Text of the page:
Cost-effectiveness analysis of population-based tobacco control strategies in the prevention of cardiovascular diseases in Tanzania
Peer reviewed, Journal article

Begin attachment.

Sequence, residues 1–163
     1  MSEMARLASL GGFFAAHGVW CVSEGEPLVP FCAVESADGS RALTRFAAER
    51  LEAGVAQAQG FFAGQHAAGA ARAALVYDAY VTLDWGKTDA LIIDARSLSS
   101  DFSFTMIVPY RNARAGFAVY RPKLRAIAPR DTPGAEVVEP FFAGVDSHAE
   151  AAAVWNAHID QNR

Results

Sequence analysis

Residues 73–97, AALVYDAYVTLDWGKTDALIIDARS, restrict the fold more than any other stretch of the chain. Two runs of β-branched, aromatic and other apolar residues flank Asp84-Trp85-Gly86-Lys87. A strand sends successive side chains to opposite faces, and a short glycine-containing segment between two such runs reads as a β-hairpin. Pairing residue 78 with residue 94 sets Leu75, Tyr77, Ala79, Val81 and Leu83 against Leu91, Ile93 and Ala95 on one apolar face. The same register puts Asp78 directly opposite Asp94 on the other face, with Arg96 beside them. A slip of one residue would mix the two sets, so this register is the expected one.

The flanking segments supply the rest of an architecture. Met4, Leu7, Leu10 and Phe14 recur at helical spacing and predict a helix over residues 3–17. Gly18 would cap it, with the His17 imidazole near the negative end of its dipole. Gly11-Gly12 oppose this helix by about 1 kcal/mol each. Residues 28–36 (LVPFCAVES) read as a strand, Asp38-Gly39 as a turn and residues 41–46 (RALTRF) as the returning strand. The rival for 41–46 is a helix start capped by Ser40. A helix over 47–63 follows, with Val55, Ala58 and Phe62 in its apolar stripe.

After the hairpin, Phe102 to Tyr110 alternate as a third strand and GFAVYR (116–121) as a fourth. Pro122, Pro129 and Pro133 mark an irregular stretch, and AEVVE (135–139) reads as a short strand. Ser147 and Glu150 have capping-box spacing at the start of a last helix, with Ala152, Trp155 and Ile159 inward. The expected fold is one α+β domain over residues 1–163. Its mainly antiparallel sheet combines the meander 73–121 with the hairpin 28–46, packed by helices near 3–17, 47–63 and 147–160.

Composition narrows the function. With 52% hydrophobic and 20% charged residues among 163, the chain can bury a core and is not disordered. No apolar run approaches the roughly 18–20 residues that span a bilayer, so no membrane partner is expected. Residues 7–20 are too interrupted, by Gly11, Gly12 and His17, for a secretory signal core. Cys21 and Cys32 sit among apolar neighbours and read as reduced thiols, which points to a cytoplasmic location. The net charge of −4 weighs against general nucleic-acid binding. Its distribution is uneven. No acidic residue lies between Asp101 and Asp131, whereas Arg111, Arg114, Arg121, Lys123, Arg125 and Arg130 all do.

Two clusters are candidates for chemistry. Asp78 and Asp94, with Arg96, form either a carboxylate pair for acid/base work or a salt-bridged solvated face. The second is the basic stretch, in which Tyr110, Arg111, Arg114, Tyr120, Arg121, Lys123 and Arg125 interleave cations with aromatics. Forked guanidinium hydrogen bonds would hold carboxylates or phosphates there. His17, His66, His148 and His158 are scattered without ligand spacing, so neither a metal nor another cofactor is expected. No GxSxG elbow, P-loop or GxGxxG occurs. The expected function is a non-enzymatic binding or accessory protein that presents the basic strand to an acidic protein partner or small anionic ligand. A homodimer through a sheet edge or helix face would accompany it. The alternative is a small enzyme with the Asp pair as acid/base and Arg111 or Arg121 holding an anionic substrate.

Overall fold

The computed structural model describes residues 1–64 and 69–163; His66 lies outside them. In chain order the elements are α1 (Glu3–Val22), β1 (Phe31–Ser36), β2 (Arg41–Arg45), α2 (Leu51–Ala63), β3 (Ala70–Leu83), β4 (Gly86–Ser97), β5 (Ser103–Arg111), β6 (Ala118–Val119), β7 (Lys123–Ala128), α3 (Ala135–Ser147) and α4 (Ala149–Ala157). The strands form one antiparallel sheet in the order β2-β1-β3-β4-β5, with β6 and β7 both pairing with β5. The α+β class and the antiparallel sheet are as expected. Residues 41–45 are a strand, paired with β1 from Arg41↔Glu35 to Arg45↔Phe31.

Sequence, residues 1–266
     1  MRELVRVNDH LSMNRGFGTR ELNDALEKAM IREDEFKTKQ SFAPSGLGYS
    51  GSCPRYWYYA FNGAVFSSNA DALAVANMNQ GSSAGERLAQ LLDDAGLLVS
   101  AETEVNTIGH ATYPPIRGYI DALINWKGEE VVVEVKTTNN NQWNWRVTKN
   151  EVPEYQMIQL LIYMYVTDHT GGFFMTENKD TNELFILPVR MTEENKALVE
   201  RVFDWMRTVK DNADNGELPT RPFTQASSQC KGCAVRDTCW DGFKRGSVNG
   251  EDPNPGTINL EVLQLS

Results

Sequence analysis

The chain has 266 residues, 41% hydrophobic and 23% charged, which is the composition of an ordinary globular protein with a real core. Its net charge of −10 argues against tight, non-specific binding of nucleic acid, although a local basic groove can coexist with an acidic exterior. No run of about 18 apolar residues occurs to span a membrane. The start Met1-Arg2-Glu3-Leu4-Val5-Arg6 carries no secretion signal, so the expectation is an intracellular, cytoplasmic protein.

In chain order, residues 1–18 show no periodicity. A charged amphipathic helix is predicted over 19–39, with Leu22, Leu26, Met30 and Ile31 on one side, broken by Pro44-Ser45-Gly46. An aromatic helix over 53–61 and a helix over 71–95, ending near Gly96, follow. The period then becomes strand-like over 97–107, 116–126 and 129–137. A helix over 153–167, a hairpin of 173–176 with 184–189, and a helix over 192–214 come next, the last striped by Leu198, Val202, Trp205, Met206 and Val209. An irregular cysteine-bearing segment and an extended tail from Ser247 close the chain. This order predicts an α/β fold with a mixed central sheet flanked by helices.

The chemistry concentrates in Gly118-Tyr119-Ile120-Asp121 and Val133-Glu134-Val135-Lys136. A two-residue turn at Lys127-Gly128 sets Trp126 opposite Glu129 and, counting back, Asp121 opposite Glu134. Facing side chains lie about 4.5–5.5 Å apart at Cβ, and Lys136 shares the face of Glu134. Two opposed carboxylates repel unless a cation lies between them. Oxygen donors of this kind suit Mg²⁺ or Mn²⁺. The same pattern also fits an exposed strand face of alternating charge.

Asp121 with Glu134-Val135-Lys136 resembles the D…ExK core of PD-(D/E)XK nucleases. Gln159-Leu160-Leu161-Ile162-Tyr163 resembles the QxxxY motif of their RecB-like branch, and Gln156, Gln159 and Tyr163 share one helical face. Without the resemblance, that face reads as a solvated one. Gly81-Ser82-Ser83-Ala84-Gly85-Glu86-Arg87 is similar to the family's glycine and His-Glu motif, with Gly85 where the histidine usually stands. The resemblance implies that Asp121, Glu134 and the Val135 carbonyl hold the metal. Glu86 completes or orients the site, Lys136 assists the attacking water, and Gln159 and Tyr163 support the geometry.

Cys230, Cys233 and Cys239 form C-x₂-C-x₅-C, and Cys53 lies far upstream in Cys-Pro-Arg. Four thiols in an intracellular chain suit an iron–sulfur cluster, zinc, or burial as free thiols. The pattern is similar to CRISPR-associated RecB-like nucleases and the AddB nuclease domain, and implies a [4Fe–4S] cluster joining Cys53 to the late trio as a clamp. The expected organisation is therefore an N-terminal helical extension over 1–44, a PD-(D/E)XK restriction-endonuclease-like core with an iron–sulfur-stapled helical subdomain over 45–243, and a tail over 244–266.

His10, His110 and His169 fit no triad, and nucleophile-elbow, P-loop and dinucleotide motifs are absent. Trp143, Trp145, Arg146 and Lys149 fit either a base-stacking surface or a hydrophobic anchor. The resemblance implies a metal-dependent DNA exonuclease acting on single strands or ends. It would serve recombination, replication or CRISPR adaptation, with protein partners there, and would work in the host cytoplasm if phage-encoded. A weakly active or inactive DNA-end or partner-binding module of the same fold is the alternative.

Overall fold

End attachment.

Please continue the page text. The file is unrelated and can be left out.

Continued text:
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Background: Tobacco consumption contributes significantly to the global burden of disease. The prevalence of smoking is estimated to be increasing in many low-income countries, including Tanzania, especially among women and youth. Even so, the implementation of tobacco control measures has been discouraging in the country. Efforts to foster investment in tobacco control are hindered by lack of evidence on what works and at what cost. Aims: We aim to estimate the cost and cost-effectiveness of population-based tobacco control strategies in the prevention of cardiovascular diseases (CVD) in Tanzania. Materials and methods: A cost-effectiveness analysis was performed using an Excel-based Markov model, from a governmental perspective. We employed an ingredient approach and step-down methodologies in the costing exercise following a government perspective. Epidemiological data and efficacy inputs were derived from the literature. We used disability-adjusted life years (DALYs) averted as the outcome measure. A probabilistic sensitivity analysis was carried out with Ersatz to incorporate uncertainties in the model parameters. Results: Our model results showed that all five tobacco control strategies were very cost-effective since they fell below the ceiling ratio of one GDP per capita suggested by the WHO. Increase in tobacco taxes was the most cost-effective strategy, while a workplace smoking ban was the least cost-effective option, with a cost-effectiveness ratio of USD 5 and USD 267, respectively. Conclusions: Even though all five interventions are deemed very cost-effective in the prevention of CVD in Tanzania, more research on budget impact analysis is required to further assess the government’s ability to implement these interventions.